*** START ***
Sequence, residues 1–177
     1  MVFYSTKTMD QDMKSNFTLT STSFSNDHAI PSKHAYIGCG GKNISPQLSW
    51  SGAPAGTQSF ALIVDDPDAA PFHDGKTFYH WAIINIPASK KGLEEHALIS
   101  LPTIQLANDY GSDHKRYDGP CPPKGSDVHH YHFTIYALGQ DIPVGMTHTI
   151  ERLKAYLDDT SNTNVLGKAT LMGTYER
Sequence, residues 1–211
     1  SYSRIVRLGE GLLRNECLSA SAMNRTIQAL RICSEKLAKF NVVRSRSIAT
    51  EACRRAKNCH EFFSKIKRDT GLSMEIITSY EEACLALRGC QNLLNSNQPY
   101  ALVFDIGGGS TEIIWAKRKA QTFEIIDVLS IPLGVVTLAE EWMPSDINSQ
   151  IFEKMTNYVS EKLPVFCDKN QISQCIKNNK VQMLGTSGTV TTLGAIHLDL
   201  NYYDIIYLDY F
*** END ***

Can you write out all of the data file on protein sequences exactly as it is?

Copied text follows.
Sequence, residues 1–177
     1  MVFYSTKTMD QDMKSNFTLT STSFSNDHAI PSKHAYIGCG GKNISPQLSW
    51  SGAPAGTQSF ALIVDDPDAA PFHDGKTFYH WAIINIPASK KGLEEHALIS
   101  LPTIQLANDY GSDHKRYDGP CPPKGSDVHH YHFTIYALGQ DIPVGMTHTI
   151  ERLKAYLDDT SNTNVLGKAT LMGTYER
Sequence, residues 1–211
     1  SYSRIVRLGE GLLRNECLSA SAMNRTIQAL RICSEKLAKF NVVRSRSIAT
    51  EACRRAKNCH EFFSKIKRDT GLSMEIITSY EEACLALRGC QNLLNSNQPY
   101  ALVFDIGGGS TEIIWAKRKA QTFEIIDVLS IPLGVVTLAE EWMPSDINSQ
   151  IFEKMTNYVS EKLPVFCDKN QISQCIKNNK VQMLGTSGTV TTLGAIHLDL
   201  NYYDIIYLDY F